It is Christmas 1951 and the royal train is puffing through dank, grey-green English countryside.
As it reaches a cutting, people run towards the track, waving and calling out.
Seconds later, the carriages sweep through a station. Dozens of onlookers scurry down the platform, trying to catch a glimpse of King George VI and Princess Elizabeth.
The camera cuts to Prince Philip – an alpha male, a military man of action. His face is a mixture of emotions, led by anxiety and completed by trepidation.
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This box set sequence, viewed by millions of modern viewers, gives a glimpse of what it is like to be royal, of living in the "gilded cage". People with no discernibly special skills are being hounded and idolised simply because of the family they belong to.
"All royals are victims," says Professor Robert Hazell from University College London’s Constitution Unit. He adds that, while Harry and Meghan’s Netflix documentary series "conveys the impression that they have been uniquely victimised, the difficulties they have faced are shared by all the royal families of Europe".
Monarchy makes "extraordinary demands" and "takes a toll" on every member of the family, he says, listing several basic rights, including privacy, freedom of speech and of career, which ordinary people have but royals lack.
The most egregious imposition, he thinks, is press intrusion, referencing "Camillagate", when the transcript of an intimate, late night conversation between Charles and Camilla was revealed by a Sunday tabloid in 1993.
Royal historian Dr Ed Owens views things differently, however.
"I’m not convinced by the narrative of burdens and hardship," he says.
"It sounds quite a lot of fun to me. When they’re not in the public eye they have considerable time – let’s call it playtime – to enjoy themselves in their homes in the countryside."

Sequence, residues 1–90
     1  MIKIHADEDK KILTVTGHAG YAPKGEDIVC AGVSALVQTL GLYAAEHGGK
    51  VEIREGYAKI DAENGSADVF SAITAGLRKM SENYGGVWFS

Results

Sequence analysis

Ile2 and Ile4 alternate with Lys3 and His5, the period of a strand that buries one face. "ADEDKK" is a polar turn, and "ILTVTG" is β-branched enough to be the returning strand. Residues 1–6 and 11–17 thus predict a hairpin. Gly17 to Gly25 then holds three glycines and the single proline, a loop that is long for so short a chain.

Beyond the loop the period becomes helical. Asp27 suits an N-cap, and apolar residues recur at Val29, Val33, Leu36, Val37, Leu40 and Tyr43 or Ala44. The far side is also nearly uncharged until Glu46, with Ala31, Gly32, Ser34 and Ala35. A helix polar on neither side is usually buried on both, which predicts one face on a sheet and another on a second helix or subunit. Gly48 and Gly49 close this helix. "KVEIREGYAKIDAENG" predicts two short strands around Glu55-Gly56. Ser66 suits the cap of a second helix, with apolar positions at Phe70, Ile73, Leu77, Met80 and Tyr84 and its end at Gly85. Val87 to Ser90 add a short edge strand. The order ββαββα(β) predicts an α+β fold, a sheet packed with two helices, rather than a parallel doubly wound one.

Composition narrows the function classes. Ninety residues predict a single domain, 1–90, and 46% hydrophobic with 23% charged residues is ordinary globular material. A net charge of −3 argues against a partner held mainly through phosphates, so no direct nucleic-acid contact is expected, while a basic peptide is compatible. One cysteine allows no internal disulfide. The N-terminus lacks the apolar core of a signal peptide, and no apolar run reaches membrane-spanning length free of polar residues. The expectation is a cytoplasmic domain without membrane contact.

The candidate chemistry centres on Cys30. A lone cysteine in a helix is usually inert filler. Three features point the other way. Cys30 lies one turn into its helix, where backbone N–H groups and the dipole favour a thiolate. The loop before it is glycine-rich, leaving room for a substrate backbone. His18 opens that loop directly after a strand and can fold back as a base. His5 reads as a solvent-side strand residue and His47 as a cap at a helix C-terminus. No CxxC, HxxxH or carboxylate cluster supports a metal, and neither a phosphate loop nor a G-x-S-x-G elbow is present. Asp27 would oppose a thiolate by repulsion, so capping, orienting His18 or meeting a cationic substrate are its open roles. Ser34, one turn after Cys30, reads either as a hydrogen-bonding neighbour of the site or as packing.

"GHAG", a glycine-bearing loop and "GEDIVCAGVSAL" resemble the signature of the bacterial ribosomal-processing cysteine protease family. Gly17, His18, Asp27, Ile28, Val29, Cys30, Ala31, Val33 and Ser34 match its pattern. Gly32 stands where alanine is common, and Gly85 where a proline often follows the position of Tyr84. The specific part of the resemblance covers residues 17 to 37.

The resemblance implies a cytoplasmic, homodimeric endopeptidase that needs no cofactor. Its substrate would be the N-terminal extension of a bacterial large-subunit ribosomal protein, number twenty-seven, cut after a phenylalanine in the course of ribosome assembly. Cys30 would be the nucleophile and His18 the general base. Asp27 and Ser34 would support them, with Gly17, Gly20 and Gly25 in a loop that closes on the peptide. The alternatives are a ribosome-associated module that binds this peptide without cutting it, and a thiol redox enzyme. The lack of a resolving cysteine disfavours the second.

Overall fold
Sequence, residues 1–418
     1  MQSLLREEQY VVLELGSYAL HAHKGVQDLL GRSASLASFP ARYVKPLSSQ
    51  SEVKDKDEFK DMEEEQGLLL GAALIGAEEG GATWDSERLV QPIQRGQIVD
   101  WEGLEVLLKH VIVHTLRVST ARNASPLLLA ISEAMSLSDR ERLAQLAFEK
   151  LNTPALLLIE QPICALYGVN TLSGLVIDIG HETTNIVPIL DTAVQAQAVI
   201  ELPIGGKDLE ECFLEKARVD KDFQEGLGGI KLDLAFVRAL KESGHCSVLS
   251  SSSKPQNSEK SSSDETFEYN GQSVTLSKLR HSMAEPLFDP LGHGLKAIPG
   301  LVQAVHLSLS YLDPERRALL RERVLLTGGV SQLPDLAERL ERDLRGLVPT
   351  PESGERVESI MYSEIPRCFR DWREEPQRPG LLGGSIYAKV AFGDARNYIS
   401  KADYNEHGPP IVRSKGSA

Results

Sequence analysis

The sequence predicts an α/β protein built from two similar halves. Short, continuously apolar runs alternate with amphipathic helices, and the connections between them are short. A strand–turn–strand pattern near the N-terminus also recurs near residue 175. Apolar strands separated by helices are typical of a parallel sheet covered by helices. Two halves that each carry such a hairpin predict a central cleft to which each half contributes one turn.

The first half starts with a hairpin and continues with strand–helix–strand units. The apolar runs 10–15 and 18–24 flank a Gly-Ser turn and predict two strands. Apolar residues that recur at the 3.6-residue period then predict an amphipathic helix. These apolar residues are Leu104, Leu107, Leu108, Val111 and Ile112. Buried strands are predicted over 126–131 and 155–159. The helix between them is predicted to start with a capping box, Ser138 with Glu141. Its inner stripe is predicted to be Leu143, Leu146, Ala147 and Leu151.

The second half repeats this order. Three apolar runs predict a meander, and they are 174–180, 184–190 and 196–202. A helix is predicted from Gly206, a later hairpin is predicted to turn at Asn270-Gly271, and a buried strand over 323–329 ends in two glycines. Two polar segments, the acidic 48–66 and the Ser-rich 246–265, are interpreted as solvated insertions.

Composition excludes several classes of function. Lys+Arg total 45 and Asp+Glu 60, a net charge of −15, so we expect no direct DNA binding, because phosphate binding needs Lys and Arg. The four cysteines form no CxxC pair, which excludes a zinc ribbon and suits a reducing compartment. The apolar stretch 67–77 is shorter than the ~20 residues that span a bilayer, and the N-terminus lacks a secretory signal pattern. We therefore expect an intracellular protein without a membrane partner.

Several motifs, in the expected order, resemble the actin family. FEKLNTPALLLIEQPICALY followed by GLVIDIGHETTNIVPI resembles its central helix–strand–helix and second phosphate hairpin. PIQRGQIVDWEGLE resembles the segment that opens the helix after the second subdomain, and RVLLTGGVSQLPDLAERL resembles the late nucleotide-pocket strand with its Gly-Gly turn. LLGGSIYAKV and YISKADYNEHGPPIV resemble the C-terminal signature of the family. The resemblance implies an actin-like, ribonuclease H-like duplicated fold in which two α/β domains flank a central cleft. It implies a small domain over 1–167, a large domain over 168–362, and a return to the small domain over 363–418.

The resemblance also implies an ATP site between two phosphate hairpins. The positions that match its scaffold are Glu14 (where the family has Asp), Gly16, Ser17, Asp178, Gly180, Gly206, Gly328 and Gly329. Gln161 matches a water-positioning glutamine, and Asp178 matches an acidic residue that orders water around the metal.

He also points out that far from being troubled by their royal status, at least one of the Windsors – Prince Andrew – has appeared to enjoy the life it provides.
"We have to remember that the second Elizabethan age was partly anchored in an idea that to be royal is to be burdened with a sense of duty, a sense of public service – it’s a life of self-sacrifice," he says.
"There’s nothing about Prince Andrew that speaks of self-sacrifice. He turns that model on its head in a very ugly way, and that’s why he’s such a problem."
Nor is Dr Owens convinced by the lack of privacy. "There’s a lot of emphasis on how their lives unfold in the limelight, but that’s less than half the story," he says.
The "gilded cage" is a "deliberate public relations narrative" the family itself has promoted, he contends.
"We need to be careful not to take it at face value because it does obscure the positive sides of this lifestyle, and there are lots.
"They mustn’t be seen to enjoy themselves, and that’s why all the positives are kept out of the public eye."
So: what is it like to be royal? In King Charles’s case, extremely rich – enough to make rollover lottery winners wild with envy. The Sunday Times recently estimated the monarch’s net wealth at £600m – £230m more that its last calculation of the Queen’s fortune.
That could be a gross underestimation, however, because The Guardian has put Charles’s private wealth at £1.8bn, including "country piles, diamond-encrusted jewels, paintings by Monet and Dali, racehorses and rare stamps".
Certainly no sign of a cost of living crisis.
"Materially speaking, they want for nothing," Ed Owens says.
"They are surrounded by huge entourages of servants we don’t see very much of. When we do glimpse (the servants), it’s usually for the wrong reasons, like a king trying to move an inkwell out of the way – that sort of thing."
They also have "large country estates at their disposal, often have family members living gratis, close to them in grace and favour accommodations", and go to the "best private schools, followed by a job for life".
But what is the point of a palace if people gawp at you every time you go out?
"It’s got to be a very frustrating life for many," observes royal author Professor Pauline Maclaran, who says some members of the family may feel "confined".